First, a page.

Mumbai: “Cannot lose sight of the plight of millions of people,” Bombay High Court said while ordering all IPL matches to be shifted out of drought-hit Maharashtra after April 30. BCCI is now on a sticky wicket.
While IPL Chairman Rajeev Shukla admitted there would be problems shifting the matches, he made it clear the ruling from the court doesn’t come as a disappointment.
However, sources from the Board say the top brass has been left scratching their heads to find a solution with time being their worst enemy. In the latest development, it’s learnt BCCI has asked grounds at Kanpur, Ranchi and Indore to be on standby to ensure they are ready if the need arises to use them.
According to media reports, it is understood that Mumbai Indians and Rising Pune Supergiants will play their remaining matches at these venues. Kings XI Punjab, who have three matches in Maharashtra, are least affected by the decision. Co-owner Ness Wadia had expressed his willingness to shift back to Mohali much before the verdict was out. KXIP will now play all their seven home matches at their original home ground in Mohali.
Despite shifting matches out of Maharashtra, the drought omen looms large over BCCI. Each of the cities chosen as back-ups is reeling under severe drought conditions themselves.
Mahendra Singh Dhoni’s home ground Ranchi has been the worst-hit off the three, even declaring a water emergency. The state machinery declared drought in December last year along with 11 other states in the country. According to data, Ranchi, a city of 11 lakh people, needs 45 million gallons of water a day. Add to the trauma, one of the three dams supplying water to the region is almost dry, while water levels in the other two are below average during this time of the year.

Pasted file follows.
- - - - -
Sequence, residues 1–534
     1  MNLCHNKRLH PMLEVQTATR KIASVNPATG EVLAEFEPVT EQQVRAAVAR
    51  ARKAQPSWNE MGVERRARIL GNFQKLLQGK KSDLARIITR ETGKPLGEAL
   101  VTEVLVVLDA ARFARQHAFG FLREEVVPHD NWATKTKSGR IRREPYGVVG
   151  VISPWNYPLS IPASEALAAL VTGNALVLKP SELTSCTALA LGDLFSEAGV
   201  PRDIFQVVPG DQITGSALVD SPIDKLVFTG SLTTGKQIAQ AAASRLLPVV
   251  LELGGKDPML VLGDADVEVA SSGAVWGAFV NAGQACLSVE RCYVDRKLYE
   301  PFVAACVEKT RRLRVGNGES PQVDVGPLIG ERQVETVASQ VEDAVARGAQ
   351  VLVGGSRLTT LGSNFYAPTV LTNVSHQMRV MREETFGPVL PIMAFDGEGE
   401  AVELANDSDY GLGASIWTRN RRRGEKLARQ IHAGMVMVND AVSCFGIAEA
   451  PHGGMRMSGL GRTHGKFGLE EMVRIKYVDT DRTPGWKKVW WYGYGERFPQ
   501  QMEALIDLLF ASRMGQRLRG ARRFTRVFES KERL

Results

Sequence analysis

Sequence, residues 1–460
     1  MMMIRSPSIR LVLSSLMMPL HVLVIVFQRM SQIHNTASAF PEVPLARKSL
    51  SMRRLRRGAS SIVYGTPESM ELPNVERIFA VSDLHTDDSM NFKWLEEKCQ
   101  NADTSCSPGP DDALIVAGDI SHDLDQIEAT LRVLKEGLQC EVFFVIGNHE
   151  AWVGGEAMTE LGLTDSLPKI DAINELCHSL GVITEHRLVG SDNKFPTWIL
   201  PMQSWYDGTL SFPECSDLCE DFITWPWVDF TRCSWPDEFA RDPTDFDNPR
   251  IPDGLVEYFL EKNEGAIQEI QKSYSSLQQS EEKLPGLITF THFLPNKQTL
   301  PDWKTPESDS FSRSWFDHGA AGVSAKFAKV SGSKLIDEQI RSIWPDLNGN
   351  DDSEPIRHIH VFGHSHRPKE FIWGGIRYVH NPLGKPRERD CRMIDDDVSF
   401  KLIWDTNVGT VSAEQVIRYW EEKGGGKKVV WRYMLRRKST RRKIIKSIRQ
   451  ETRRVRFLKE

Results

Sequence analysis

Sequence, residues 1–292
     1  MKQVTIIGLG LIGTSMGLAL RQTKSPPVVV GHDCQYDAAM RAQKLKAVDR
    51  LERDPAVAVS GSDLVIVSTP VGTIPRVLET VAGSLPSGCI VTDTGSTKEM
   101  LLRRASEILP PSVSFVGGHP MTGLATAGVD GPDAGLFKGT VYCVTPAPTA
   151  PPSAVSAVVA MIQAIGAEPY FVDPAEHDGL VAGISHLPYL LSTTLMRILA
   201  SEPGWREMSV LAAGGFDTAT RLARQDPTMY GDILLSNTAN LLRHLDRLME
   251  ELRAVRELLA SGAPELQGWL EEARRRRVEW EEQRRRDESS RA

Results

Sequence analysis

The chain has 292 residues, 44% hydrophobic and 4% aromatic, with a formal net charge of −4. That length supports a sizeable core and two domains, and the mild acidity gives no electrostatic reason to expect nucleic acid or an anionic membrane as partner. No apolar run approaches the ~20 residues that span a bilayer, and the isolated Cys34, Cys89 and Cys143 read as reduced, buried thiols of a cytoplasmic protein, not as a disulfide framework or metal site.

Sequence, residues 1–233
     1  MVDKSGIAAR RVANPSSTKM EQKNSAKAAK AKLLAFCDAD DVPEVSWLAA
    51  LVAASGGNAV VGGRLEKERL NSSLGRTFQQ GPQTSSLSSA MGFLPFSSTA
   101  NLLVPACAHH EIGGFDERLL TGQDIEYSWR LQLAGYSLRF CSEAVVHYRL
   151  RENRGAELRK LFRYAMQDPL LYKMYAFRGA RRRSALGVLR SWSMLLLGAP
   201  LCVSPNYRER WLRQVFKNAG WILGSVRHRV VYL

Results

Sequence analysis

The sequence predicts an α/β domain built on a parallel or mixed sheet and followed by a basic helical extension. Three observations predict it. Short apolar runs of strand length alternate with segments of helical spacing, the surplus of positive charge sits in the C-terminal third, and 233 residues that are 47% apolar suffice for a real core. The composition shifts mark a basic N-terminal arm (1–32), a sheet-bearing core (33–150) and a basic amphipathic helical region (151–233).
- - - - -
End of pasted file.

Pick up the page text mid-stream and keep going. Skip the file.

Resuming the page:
According to media reports, only half of Ranchi’s total water requirement has been met this time. “Rainfall has been scanty. That’s why water is being rationed out of the Hatia dam. We are treating this as an emergency,” state water resources minister Chandra Prakash Chaudhary said.
The situation is no different in Kanpur. If the city in Uttar Pradesh has to host an IPL match, it would require 40 lakh litres of water per day. And given the drought conditions in the Northern state, it cannot afford to splurge water on cricket.
“It’s being ensured that nobody dies due to hunger under any circumstance. All measures are being taken for it. In case of death due to hunger, the district magistrate would personally be held responsible,” relief commissioner Ashok Kumar had said. IPL would not do any good for the people in Kanpur.
Indore in Madhya Pradesh also seems to tell a sorry tale. The city is staring at acute water shortage following scarcity of rainfall last year, the second year in a row that the rains failed MP.
According to a report, the drought has affected 48 lakh farmers in 228 tehsils, while an area of 44 lakh hectares has also been hit by arid conditions. Apart from Rs 2,400-crore compensation to be extended to farmers for crop damage, the state has also sought an additional Rs 300 crore from the Centre for drinking water supply in various districts.
The Bombay HC ruling not only comes as a major logistical loss but also has made BCCI think-tanks take decisions without any thought process. A back-up to a back-up is paramount now....